Roads: Safety

Department for Transport written question – answered on 3rd May 2018.

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Photo of Jim Fitzpatrick Jim Fitzpatrick Labour, Poplar and Limehouse

To ask the Secretary of State for Transport, further to oral contribution of the Parliamentary Under-Secretary of State for Transport of 24 April 2018, Official Report, column 356WH, what assessment his Department has made of the effect on road safety of the decision to eliminate safety targets; and what the killed or seriously injured figures were in each year from 2007 to 2017.

Photo of Jesse Norman Jesse Norman Parliamentary Under-Secretary (Department for Transport)

There is no robust academic evidence to indicate the lack of targets in the UK has contributed to the lack of progress in road casualty reduction since 2010. There has been a stalling of progress in road casualty reductions across many economically advanced countries, affecting countries with targets (e.g. Sweden and the Netherlands) as well as the UK where there is no target.

The KSI statistics for road accident casualties between 2007 and 2016 can be found in the table below along with a comparison to the 2010 – 2014 average. The KSI figures for 2017 will be published later this year.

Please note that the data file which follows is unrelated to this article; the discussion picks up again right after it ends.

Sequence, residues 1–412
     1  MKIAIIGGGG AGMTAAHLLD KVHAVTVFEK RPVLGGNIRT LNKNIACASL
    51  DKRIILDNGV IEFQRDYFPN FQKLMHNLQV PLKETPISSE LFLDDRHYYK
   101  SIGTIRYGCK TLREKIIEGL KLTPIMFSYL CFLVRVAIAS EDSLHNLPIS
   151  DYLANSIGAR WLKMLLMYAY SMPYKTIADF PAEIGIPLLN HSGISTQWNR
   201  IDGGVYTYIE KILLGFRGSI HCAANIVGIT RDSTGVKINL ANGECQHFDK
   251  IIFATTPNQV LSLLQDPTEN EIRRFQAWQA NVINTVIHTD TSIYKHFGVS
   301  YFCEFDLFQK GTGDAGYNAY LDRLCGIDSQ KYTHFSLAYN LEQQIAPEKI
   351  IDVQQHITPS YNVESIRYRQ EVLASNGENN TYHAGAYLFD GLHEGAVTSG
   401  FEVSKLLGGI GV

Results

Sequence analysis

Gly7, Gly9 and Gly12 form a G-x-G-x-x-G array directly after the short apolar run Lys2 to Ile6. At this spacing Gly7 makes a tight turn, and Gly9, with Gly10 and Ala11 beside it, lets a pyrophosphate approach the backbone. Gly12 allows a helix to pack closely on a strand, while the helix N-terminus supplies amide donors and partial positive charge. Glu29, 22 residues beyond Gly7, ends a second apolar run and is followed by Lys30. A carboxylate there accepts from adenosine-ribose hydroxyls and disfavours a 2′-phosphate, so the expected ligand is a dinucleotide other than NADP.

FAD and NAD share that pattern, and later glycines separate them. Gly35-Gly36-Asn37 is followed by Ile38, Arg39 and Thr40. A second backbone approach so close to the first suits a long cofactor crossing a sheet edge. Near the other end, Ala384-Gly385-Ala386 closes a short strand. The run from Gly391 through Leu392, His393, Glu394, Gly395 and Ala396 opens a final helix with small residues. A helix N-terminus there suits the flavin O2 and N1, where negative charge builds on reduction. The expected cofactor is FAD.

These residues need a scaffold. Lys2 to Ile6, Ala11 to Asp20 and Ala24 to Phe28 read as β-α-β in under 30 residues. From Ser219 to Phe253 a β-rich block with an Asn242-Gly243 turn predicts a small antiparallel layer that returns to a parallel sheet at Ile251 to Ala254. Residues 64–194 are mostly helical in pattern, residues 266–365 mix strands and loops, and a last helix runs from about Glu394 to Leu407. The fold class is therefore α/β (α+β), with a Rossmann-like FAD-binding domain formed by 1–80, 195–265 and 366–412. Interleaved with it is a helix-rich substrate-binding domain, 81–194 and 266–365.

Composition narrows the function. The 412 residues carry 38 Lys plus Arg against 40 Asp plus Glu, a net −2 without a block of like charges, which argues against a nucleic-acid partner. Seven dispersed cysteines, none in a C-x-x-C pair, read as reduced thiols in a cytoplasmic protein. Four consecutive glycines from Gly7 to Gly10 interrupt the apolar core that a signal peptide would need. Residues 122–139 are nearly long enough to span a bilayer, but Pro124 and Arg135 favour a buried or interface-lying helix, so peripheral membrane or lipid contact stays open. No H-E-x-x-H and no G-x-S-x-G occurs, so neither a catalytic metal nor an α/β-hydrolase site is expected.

Year

Killed

Seriously injured

Killed or Seriously injured

Slightly injured

All casualties

2007

2,946

27,774

30,720

217,060

247,780

2008

2,538

26,034

28,572

202,333

230,905

2009

2,222

24,690

26,912

195,234

222,146

2010

1,850

22,660

24,510

184,138

208,648

2011

1,901

23,122

25,023

178,927

203,950

2012

1,754

23,039

24,793

170,930

195,723

2013

1,713

21,657

23,370

160,300

183,670

2014

1,775

22,807

24,582

169,895

194,477

2015

1,730

22,144

23,874

162,315

186,189

2016

1,792

24,101

25,893

155,491

181,384

2010 -2014 average

1,799

22,657

24,456

172,838

197,294

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